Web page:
This post focuses on 25 things that a producer should probably have with them at any session.
One of the best things to be when working as a producer is prepared. Not only does it feel awesome to have exactly what the situation calls for, but it helps the session run smoothly. I’m the sort of guy to carry way too much stuff with me at any given moment, but this list is a list of things that have saved my butt on several occasions.
25 Producer Essential Items
This one should be obvious but for many folks it isn’t. If you or anyone else isn’t in tune, things won’t sound as they should and the session will grind to a halt. I recommend the Boss TU-12. The design is as old as I am but it’s easy to read, accurate, and everyone has used one at one point so you won’t have to teach the musicians how to use it.
While not as indespenable as the tuner, a metronome is really useful for quickly determining the tempo of things and for quickly rehearsing parts. One of the nicer digital ones with multiple rhythm patterns is especially handy for getting a feel for the rhythm. My band instructor in junior high traumatized us with the Boss Dr. Beat, but it’s a nice one. I use the Korg MA30.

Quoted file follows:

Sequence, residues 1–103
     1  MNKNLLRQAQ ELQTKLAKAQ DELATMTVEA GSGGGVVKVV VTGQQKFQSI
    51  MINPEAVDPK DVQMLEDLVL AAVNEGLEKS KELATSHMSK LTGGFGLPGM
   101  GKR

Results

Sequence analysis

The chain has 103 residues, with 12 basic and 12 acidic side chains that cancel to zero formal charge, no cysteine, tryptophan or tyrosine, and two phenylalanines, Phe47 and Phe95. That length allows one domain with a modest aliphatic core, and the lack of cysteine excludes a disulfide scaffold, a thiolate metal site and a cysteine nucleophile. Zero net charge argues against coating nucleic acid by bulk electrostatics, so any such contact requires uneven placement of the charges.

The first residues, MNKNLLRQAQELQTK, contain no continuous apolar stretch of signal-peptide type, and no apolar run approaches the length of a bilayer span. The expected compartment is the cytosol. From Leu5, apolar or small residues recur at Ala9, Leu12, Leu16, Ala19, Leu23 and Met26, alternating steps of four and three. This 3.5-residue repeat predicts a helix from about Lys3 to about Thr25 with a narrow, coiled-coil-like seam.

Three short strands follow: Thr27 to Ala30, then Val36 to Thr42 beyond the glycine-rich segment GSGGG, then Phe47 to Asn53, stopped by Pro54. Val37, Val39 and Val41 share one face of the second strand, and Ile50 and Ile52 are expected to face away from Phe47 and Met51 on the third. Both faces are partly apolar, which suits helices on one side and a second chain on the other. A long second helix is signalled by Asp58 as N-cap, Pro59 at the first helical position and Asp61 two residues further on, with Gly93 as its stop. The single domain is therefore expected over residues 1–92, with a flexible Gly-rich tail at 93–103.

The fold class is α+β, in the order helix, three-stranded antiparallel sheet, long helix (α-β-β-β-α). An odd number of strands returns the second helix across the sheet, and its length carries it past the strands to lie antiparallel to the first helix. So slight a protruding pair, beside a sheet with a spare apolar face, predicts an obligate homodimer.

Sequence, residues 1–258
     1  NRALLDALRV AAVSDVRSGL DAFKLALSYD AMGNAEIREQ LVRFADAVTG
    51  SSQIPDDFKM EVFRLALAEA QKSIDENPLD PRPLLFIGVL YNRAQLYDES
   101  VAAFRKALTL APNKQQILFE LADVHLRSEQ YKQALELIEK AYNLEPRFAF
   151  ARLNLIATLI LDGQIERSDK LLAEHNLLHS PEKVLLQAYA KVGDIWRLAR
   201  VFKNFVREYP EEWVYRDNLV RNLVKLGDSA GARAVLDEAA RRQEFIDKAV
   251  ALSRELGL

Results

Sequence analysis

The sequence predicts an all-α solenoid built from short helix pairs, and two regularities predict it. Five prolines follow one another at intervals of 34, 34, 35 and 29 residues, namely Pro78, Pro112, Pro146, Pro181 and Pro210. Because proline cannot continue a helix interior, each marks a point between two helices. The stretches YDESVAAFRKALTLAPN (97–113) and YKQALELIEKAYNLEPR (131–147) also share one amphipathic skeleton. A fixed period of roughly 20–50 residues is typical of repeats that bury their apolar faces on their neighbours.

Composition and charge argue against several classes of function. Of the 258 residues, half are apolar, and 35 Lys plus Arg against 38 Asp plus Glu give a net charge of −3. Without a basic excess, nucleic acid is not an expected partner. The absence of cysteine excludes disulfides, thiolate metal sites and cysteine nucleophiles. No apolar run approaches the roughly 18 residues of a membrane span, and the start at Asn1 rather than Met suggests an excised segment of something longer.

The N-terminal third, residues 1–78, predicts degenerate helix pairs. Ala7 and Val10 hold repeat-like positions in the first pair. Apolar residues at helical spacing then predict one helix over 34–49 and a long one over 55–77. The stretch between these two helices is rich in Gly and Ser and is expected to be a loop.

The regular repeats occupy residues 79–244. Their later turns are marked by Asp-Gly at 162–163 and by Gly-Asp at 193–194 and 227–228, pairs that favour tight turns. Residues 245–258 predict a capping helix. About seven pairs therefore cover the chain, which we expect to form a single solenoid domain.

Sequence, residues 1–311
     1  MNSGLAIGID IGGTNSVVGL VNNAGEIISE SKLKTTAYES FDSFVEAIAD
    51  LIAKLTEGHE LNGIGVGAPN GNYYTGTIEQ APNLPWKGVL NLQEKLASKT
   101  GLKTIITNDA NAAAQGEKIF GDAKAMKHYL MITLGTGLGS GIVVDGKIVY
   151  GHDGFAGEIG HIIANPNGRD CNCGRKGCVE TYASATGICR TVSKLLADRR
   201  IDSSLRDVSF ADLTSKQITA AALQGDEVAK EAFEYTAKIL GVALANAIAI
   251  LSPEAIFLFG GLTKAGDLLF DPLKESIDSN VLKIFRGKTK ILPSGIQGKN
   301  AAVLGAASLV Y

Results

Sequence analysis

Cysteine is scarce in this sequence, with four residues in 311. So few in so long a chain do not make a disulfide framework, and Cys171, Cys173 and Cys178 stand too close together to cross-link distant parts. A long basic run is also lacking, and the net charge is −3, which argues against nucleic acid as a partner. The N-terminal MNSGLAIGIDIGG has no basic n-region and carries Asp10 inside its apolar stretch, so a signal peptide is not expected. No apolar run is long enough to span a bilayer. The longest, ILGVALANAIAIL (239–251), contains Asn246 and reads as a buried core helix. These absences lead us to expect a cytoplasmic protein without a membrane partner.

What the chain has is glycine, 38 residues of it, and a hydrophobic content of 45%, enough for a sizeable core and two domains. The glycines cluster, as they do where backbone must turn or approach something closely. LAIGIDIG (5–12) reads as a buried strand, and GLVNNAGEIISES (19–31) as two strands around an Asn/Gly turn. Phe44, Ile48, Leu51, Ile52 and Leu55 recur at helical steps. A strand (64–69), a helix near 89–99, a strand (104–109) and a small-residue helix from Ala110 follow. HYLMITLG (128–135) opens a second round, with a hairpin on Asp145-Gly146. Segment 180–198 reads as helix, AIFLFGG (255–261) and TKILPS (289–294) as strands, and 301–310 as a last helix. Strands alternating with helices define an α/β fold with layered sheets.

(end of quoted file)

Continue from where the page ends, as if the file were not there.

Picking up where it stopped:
You’d be surprised how many guitarists and bassists will forget to bring picks (or maybe you wouldn’t be). They’re light and cheap – might as well have a small variety of thicknesses.
4. Spare strings
Again, the musicians should technically have these for themselves, but, especially if you are one of the musicians, they can really save the day. I recommend 10 gauge electric nickel strings and 12 gauge acoustic phosphor bronze strings.
5. Hard drive or a large flash drive
It’s been said that digital information doesn’t really exist until it’s in two places. While this isn’t really true, the point is that you never know when a drive is going to go or a building is going to be smashed by Godzilla, destroying irreplaceable creative work. Every night just drag your session to your own drive before you leave… and take it with you. I recommend Western Digital external drives (one with both USB and Firewire, especially) or, at the least, a 4GB or larger USB flash drive. It’s nice to have a large drive (250GB or so) so you can save each session in its own folder, rather than overwrite it each night – just in case you bungled something that day.
Yeah, a paper notebook for writing things down and brainstorming.
7. Pens and pencil
For writing. Pencils come in handy for temporarily marking various things.
Studios should have their own but it’s always nice to have extras. 10 feet usually is a good compromise betwen bulk and functionality. Expensive (read: Monster) USB and Firewire cables may last longer under abuse but they definitely don’t sound any better. I don’t think they’re worth the money.
9. USB Hub
This is definitely optional but, especially when working with minimalist Apple computers and dongles hanging out all over, those USB ports can get filled really fast. Something small and portable works – like a 4 port.
10. Business cards
Obvious but good to have on the check-off list.
11. Maglight or bright keychain light